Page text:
“The reputational blow to pollsters has drawn attention to newer, less traditional methods of prediction based on data from social media.”
In the News
Good Week: Donald Trump
After months of campaigning and heated political debates, business mogul Donald Trump was elected as the next President of the United States. Putting aside the shock that was felt across the world, political leaders including Russia’s Putin and the UK’s Theresa May congratulated Trump on his win. As the Republican President-elect shapes his administration, commentators are questioning what this may mean for various business sectors as well as for international trade.
Bad Week: Polling
The validity and effectiveness of polls as a way to measure sentiment across voters has been heavily scrutinised following the American election results. Many of the polls were wrong in their predictions of who would be elected as the next President of the United States, including the BBC poll which declared Hillary Clinton as the favourite candidate. The reputational blow to pollsters has drawn attention to newer, less traditional methods of prediction based on data from social media. BrandsEye, a tool that looks at people’s tweets, correctly predicted both Trump’s victory and the vote to leave the EU in June’s referendum, suggesting that the use of polls as a primary source of information may be coming to an end.
Good Week: UK-China relations
China’s Vice Premier Ma Kai was wooed by UK Prime Minister Theresa May and Chancellor Phillip Hammond this week, in a bid to strengthen ties between the two countries. Ma Kai’s two-day visit to the UK was filled with discussions on trade, investment, financial services and energy. Referring to the UK-Sino relationship as “golden”, Phillip Hammond announced several trade deals which included infrastructure investment in the UK’s Northern Powerhouse.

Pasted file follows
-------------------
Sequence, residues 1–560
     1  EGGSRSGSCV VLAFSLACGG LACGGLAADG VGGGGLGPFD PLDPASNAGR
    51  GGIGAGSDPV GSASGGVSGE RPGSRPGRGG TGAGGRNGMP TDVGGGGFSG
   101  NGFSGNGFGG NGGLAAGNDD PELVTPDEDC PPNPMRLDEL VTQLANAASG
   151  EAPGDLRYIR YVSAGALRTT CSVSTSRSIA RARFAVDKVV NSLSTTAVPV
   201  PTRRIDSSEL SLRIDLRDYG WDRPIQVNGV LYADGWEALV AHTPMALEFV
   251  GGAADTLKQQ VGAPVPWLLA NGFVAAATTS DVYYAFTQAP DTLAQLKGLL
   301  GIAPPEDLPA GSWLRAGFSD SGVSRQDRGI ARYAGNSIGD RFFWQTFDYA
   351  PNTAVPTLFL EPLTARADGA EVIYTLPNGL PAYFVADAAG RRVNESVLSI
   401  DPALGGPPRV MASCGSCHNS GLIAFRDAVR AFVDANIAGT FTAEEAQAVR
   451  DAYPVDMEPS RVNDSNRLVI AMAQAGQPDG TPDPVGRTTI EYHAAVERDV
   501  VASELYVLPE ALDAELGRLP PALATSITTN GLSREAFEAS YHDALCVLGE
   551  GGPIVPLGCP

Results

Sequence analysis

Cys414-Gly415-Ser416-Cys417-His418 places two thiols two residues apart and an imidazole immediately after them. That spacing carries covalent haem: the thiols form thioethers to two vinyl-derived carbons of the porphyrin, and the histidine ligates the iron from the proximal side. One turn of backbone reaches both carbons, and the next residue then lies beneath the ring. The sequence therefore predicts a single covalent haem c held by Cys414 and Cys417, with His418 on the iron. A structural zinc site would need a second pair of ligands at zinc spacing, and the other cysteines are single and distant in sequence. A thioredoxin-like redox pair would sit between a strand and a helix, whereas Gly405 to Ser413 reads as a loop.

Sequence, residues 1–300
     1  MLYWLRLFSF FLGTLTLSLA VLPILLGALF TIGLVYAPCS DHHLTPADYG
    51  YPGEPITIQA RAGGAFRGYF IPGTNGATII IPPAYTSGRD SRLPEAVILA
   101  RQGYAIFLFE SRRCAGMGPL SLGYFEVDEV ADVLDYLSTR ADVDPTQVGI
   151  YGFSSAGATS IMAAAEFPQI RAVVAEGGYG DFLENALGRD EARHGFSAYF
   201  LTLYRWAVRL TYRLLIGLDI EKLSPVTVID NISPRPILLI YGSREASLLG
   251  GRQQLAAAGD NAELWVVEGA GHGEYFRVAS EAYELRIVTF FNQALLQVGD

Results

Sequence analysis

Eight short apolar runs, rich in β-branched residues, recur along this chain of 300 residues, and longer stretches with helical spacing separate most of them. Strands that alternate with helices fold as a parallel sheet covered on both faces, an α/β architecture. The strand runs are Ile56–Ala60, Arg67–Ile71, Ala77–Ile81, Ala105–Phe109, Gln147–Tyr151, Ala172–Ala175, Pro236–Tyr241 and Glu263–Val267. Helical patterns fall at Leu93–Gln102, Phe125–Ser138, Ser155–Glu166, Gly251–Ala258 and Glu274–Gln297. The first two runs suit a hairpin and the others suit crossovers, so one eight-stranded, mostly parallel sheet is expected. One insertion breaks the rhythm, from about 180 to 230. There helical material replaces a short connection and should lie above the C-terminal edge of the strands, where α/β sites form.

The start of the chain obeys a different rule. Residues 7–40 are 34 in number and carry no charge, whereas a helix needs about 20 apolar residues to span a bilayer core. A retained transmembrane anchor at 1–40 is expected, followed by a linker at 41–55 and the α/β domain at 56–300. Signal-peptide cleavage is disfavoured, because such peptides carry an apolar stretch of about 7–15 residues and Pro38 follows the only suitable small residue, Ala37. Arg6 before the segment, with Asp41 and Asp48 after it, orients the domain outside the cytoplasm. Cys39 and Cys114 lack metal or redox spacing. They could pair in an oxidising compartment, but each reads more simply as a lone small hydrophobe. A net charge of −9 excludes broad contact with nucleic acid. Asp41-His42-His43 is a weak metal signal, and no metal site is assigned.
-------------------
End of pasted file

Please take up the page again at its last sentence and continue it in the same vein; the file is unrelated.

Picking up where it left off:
Bad Week: Universities
The Higher Education Funding Council for England issued a report looking at the financial health of the higher education sector in England. The report, which reviews institutions’ financial forecasts, identifies a trend of reduced liquidity and increased borrowing which is unsustainable in the long term, and suggests the financial health of universities is set to get worse if international student numbers decline post Brexit.
Management Consultancy Baringa launched a Consumer Products and Retail practice, which was featured in Consultancy UK. The new service line aims to support clients in meeting market and technology challenges.
As COP 22 kicks off this week, Linstock reflected on the work we’ve been involved in on sustainability. Read our case study to see how Linstock worked with British Gas to help enhance its reputation with social housing providers in support of its efforts to sell services into these markets.